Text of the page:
I feel like most people who say they like reggae don’t really mean reggae, they mean Bob Marley. Now I don’t mean everyone because there are wide swaths of folks into Ts and the Maytals, Burning Spear and a slew of other reggae acts. I mean middle America, the rank and file citizenry–they know only Marley in my experience.
Marley should be credited for bringing the music to the masses. However, reggae as a form itself doesn’t get enough respect and I think that it should. It may not be developed to the level of blues or jazz, but it hasn’t had the time either; reggae as we know it hasn’t been around that long. Even jazz wasn’t even considered an art form for a long time and was eschewed by the music buying masses as “race music”. (Now it’s turned into this slightly snobby type of thing that only the intellectual elite can enjoy, but that line of thought is for another day.) Reggae, enjoyable to listen to and socially aware at times, demands respect.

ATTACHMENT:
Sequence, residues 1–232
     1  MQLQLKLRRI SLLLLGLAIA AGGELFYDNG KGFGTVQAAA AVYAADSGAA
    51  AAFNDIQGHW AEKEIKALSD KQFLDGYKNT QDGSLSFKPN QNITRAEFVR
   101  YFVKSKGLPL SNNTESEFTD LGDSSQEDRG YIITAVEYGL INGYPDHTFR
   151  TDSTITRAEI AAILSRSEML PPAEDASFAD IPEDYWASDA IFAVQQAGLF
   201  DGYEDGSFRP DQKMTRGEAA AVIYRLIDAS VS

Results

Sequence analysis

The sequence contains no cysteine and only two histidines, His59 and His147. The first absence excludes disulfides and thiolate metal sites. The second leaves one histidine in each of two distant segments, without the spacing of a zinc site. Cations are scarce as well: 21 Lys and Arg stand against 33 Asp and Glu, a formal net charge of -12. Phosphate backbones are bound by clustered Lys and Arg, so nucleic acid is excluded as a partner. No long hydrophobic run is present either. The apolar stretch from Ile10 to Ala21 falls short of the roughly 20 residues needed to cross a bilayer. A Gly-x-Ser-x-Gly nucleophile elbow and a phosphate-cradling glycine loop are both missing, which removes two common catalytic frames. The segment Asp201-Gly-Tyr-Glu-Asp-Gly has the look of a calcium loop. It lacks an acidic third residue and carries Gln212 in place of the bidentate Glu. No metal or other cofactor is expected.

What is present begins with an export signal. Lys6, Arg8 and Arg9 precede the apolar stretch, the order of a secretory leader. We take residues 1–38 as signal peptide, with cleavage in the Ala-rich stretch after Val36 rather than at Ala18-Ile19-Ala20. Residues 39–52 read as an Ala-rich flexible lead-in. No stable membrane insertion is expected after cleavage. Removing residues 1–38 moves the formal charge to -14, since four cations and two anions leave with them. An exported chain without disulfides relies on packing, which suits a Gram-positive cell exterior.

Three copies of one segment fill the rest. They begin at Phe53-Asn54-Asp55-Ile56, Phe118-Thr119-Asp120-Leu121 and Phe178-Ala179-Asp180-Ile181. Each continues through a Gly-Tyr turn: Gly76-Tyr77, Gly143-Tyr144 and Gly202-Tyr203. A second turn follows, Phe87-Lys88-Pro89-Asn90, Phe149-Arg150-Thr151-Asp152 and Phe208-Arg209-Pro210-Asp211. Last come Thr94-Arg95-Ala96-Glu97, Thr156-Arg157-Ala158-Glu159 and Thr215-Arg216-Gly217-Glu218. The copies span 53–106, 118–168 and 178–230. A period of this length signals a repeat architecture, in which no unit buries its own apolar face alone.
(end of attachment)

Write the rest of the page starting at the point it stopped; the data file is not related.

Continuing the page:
Reggae has a fairly short history and you could probably do yourself a favor by googling it and reading for a while. However, for the sake of this post, I will give a summary. As we know it, reggae came together in the late 1960’s and is an amalgamation of the traditional Jamaican genres of ska and rocksteady. Those types of music basically blend African traditions, Jazz, and American rhythm and blues into their own character. This is how all music starts, by blending a few different styles into one original sound. It’s distinctly different from popular rock music with its use of off beats and stop timing, perfect for dancing around like a fool. They say the Maytals popularly coined the term with a 1968 song called “Do the Reggay”, but after some research, it looks like it was around long before. Marley got his start in the late 60’s but wasn’t international for a few more years.